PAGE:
Welcome to The Drop, Refinery29's new home for exclusive music video premieres. We want to shine the spotlight on female artists whose music inspires, excites, and (literally) moves us. This is where we'll champion their voices.
Dagny stresses that she has no problem with getting naked, but when it comes to her new song, "Wearing Nothing," things aren't quite so literal. The music video, shared exclusively on Refinery29, instead explores what the Norwegian singer calls "being bare with someone," and the knack human relationships have for falling in and out of sync.
The first thing you'll notice about the video, however, are the colors.
"I think we very quickly decided we wanted this Wes Anderson inspired thing," she told Refinery29. "It would have been such an easy thing to do like 'Oh, we have a song called Wearing Nothing, Dagny, let’s get undressed.' I just didn’t have that vision, I guess."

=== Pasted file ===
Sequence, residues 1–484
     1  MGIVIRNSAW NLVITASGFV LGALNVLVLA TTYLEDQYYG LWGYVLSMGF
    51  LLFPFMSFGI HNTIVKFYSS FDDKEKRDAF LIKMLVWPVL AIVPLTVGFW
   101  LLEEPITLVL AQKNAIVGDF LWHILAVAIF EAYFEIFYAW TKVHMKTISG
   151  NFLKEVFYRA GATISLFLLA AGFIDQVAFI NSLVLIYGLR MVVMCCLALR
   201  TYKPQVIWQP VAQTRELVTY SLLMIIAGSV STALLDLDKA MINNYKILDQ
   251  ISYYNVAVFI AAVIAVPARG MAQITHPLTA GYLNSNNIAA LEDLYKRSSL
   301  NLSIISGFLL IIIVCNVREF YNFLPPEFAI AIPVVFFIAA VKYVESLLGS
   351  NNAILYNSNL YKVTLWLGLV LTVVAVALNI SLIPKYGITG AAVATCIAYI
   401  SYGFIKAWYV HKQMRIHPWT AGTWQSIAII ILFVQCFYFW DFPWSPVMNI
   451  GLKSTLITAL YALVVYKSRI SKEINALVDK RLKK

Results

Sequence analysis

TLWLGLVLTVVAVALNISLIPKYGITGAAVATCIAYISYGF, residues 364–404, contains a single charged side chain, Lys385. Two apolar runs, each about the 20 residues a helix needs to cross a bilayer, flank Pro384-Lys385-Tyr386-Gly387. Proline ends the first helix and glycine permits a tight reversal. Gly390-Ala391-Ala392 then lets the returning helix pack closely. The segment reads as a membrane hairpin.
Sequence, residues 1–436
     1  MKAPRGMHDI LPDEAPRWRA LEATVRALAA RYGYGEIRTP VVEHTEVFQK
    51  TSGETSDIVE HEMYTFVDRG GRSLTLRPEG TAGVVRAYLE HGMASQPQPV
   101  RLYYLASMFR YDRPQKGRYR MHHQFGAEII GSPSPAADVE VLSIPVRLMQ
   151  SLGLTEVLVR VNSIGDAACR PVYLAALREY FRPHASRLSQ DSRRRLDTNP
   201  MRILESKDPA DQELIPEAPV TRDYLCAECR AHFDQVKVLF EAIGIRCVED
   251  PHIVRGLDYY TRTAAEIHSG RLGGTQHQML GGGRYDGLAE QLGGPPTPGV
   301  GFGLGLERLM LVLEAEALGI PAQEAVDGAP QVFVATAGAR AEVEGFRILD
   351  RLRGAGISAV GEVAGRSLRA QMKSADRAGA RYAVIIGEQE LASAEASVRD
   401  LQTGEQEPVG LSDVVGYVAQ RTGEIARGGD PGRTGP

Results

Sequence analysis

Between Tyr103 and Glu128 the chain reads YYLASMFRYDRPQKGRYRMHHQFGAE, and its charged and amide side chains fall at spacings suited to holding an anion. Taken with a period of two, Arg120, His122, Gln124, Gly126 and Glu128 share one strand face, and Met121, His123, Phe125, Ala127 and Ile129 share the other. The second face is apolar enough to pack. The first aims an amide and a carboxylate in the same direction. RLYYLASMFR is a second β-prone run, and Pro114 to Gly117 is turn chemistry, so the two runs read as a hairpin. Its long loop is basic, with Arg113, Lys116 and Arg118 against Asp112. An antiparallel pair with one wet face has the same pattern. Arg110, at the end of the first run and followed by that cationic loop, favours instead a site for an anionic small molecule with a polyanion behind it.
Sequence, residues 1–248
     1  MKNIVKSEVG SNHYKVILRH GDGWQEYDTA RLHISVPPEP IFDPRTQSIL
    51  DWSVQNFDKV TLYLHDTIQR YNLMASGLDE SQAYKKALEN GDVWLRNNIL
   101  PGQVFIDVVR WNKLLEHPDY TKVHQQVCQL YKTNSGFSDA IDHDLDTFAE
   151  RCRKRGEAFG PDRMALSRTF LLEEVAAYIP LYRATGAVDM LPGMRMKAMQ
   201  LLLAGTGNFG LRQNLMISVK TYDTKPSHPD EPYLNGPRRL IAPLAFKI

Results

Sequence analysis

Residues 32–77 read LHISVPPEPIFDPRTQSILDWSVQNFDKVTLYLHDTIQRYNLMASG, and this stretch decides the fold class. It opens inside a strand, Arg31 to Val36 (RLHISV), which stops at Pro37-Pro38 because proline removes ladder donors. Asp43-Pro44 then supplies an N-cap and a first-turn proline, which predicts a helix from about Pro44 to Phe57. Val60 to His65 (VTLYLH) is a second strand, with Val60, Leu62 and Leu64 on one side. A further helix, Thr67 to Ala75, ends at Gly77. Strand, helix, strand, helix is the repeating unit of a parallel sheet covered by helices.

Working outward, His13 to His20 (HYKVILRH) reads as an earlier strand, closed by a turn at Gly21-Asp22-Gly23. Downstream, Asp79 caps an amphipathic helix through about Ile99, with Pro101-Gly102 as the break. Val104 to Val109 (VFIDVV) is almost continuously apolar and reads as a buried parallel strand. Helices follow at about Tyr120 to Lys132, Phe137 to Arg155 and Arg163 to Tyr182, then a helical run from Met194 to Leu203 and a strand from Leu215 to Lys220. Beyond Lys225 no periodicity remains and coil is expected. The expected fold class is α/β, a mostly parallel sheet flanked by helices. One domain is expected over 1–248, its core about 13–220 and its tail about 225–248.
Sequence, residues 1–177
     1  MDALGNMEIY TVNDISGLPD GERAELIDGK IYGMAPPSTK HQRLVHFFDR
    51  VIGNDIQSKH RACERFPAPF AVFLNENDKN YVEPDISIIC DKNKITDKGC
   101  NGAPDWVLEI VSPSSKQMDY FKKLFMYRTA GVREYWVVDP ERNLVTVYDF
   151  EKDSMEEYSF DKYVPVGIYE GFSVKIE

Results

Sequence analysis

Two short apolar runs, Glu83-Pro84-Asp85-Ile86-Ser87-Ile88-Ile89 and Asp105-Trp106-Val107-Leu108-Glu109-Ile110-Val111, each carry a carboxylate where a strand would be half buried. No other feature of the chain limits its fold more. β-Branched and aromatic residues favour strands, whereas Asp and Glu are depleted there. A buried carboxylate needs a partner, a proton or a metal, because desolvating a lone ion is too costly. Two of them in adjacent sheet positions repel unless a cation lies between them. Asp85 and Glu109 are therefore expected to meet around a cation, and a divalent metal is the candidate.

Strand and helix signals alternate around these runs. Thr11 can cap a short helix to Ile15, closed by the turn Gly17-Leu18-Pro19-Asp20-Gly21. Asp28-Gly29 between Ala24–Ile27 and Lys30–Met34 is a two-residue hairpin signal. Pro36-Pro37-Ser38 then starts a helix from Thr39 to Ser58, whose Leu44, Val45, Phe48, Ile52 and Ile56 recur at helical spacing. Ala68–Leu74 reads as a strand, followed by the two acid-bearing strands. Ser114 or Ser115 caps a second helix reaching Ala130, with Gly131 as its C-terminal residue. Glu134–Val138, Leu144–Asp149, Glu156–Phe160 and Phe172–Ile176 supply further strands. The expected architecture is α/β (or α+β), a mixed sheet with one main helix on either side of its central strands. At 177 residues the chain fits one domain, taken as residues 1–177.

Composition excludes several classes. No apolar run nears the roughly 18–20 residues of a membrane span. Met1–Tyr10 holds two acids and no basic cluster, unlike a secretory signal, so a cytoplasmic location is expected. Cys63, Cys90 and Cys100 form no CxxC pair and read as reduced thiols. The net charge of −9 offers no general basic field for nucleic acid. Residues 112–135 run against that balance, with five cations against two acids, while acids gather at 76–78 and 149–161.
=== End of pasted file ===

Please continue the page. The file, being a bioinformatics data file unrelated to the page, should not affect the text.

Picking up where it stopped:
Instead, she opted for the vintage fashion and decor she gravitates towards in her everyday life, and this personal touch extends to her dance moves. The entire video, which features Dagny opposite two male subjects, is choreographed to represent the way our movements can be so perfectly in sync with another person — as well as how they can fall apart.
"I guess it’s something in my head I’ve always imagined, this amazing La La Land meets, like, an old Fred Astaire movie or something," she explained. In turn, these movements tell a story, specifically, "this idea of you’re in sync with someone and then as time goes by you fall out of sync and you have this moment of alone and then you meet someone else and you’re in sync."
It's not about one relationship versus another, but rather the cycle of relationships — with others and ourselves — that is constantly turning.
"You’re with someone and then you’re totally in sync and everything is great and then time passes on and runs its course and you come to an end," she explains. "But then by then meeting someone new that doesn’t necessarily diminish what you had."
Instead, Dagny prefers to focus on self-growth. It's reflective and sometimes sad but, above all, fun.